The controversy over the decision was in this case is that while it's clear the consensus is that Bisping won three rounds, it's also clear that Silva did the most damage. Under another scoring system, Silva easily could have won. In the age old "Who would you rather be when the fight is over" system, Silva wins handily. This fight in many ways is the classic case of the guy who actually beat the other guy up worse, Silva, losing on the scorecards. The first point isn't even debatable. If there was to be an immediate rematch, I doubt anyone would count Silva out, and he'd still probably go in as the favorite.

Let's look at how Fortunes changed for five stars on the show:

MICHAEL BISPING - This win was easily the biggest of Bisping's lengthy UFC career. Bisping's career is marked by sheer numbers of wins. It was his 18th win in the Octagon, tying him with Matt Hughes for second place on the all-time list, one win behind record-holder Georges St-Pierre.

Until Saturday, Bisping (29-7) had never won the really big one. On several occasions, he'd worked his way into a position where he was one win away from a title shot, and in each case, he lost the key fight. It's a major triumph because after an eye injury threatened to end his career, and losses to Tim Kennedy and Rockhold, he was written off by many as someone who had seen better days and would never get that elusive title match.

Once again, he's one win away. From a timing standpoint, he against Mousasi makes sense next. If he wins that one, he should get a title fight. Although given that he turned 37 the day after the fight, his winning the title, no matter who ends up as champion, would be considered a major upset.

ANDERSON SILVA - Silva (33-7, 1 no contest) is in a very unique situation. The problem is booking him right now is the phrase "Anderson Silva Money." Because he's Anderson Silva and the money he commands, it only makes sense for him to face top names in high-profile fights. Bisping was a big enough name, and it was really the perfect fight for its promotional purpose, which was to build Fight Pass subscriptions.

A title fight would be more than big enough. A fight without title implications against a name like Nick Diaz made perfect sense. But, for example, a fight against someone like Derek Brunson, which would be an interesting fight and a win would change Brunson's entire career, it would be hard to justify Silva's paycheck on.

The elusive St-Pierre fight always makes sense, provided St-Pierre is willing to come back. But if St-Pierre was willing to come back, at this point either Robbie Lawler or Conor McGregor would be preferable, as Lawler would be a title fight and McGregor would be a bigger box office fight, and there is still the same size issue that likely prevented the fight from taking place when both were in their heydays.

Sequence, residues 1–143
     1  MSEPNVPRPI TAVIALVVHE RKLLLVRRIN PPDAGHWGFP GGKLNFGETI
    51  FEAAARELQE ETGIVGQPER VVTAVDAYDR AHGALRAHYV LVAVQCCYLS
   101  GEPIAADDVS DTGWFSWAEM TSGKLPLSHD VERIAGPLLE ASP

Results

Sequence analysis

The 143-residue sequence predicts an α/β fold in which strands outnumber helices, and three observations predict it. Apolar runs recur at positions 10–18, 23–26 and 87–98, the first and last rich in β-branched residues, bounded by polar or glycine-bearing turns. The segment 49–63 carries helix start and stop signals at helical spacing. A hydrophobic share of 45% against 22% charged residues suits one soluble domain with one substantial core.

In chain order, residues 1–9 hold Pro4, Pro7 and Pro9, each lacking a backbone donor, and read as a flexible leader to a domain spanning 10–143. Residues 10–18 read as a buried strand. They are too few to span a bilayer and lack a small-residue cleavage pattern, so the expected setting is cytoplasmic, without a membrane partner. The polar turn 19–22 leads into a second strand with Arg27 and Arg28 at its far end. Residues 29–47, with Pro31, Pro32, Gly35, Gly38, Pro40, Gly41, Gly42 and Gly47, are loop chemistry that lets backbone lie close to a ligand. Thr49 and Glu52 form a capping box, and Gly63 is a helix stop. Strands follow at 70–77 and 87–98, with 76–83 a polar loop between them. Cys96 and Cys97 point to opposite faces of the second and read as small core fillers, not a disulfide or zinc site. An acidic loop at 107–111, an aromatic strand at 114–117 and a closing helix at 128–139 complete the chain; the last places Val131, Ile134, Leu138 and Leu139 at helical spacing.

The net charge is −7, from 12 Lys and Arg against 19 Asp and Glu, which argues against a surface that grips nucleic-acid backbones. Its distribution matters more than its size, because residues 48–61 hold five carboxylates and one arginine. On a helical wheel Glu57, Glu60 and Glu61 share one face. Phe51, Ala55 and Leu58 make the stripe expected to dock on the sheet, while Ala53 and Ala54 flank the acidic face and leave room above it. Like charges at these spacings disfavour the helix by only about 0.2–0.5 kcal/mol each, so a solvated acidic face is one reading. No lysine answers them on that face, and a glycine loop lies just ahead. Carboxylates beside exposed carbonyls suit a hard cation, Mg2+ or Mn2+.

Silva wasn't hurt to the fans by the nature of the loss. If Belfort or Machida win their next fight, either of those fights still make sense. UFC wanted Silva vs.. Belfort originally this year but Belfort turned it down. Silva vs. Machida wouldn't be easy to make either. Perhaps the best possibility would be to have him face the Rockhold vs. Weidman loser.

GEGARD MOUSASI - At the age of 30, even though Mousasi (38-6-2) has had 46 fights, he's the youngest of the top tier if you figure the group as Rockhold, Weidman, Souza, Belfort, Romero, Machida, Mousasi, Tim Kennedy, Bisping and Silva.

Robert Whittaker is the only contender remotely near the top younger than him.

But, as losses to Machida and Souza have indicated, he feels like a guy hovering around the middle of the top ten, but not quite good enough to beat the big four. The same could be said about Bisping, which is why that makes sense. And originally, Bisping vs. Mousasi was to headline the London show, until talks with Belfort vs. Silva fell apart.

Mousasi clearly beat Thales Leites, but it wasn't in a crowd-pleasing fashion. He made it clear that after his loss to Uriah Hall in his prior fight that he felt the most important thing was getting his hand raised, and he wasn't willing to take major risks. But that mindset often goes unrewarded in UFC where winning over the fans is such a key part of decision making.

THALES LEITES - Leites (25-6) likely fell out of the middleweight top ten with the loss.

As far as a next direction, Hall (12-6), Chris Camozzi (23-10) or Brunson (15-3) feel like fights that, should he win, would benefit him. And should he lose, the wins would be of value for the opponent.

TOM BREESE - Breese came into Saturday's show with a 9-0 record, with nine finishes all but one in the first or second round.

Considered one of the rising stars at welterweight, and a key figure for the promotion going forward in the U.K., Breese was a heavy favorite against Keita Nakamura. He won the decision in a mostly grappling match that left him seemingly disappointed in his performance.

The ground aspect of the fight went back-and-forth. There was no doubt who won, but did leave with questions as far as where the 24-year-old U.K. native stands going forward. At this stage, Ryan LaFlare (12-1) or Sean Strickland (17-1) would be major next tests.